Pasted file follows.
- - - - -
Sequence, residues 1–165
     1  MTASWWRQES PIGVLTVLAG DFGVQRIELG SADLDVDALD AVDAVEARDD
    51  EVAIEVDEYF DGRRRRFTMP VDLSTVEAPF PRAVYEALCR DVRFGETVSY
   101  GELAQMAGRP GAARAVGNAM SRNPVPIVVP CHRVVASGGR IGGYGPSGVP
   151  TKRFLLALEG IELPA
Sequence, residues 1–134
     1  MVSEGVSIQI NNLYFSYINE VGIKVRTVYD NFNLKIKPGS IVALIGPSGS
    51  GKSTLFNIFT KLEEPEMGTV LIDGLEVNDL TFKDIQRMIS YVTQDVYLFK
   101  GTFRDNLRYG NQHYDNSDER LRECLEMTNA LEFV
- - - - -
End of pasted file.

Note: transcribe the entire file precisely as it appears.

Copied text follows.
Sequence, residues 1–165
     1  MTASWWRQES PIGVLTVLAG DFGVQRIELG SADLDVDALD AVDAVEARDD
    51  EVAIEVDEYF DGRRRRFTMP VDLSTVEAPF PRAVYEALCR DVRFGETVSY
   101  GELAQMAGRP GAARAVGNAM SRNPVPIVVP CHRVVASGGR IGGYGPSGVP
   151  TKRFLLALEG IELPA
Sequence, residues 1–134
     1  MVSEGVSIQI NNLYFSYINE VGIKVRTVYD NFNLKIKPGS IVALIGPSGS
    51  GKSTLFNIFT KLEEPEMGTV LIDGLEVNDL TFKDIQRMIS YVTQDVYLFK
   101  GTFRDNLRYG NQHYDNSDER LRECLEMTNA LEFV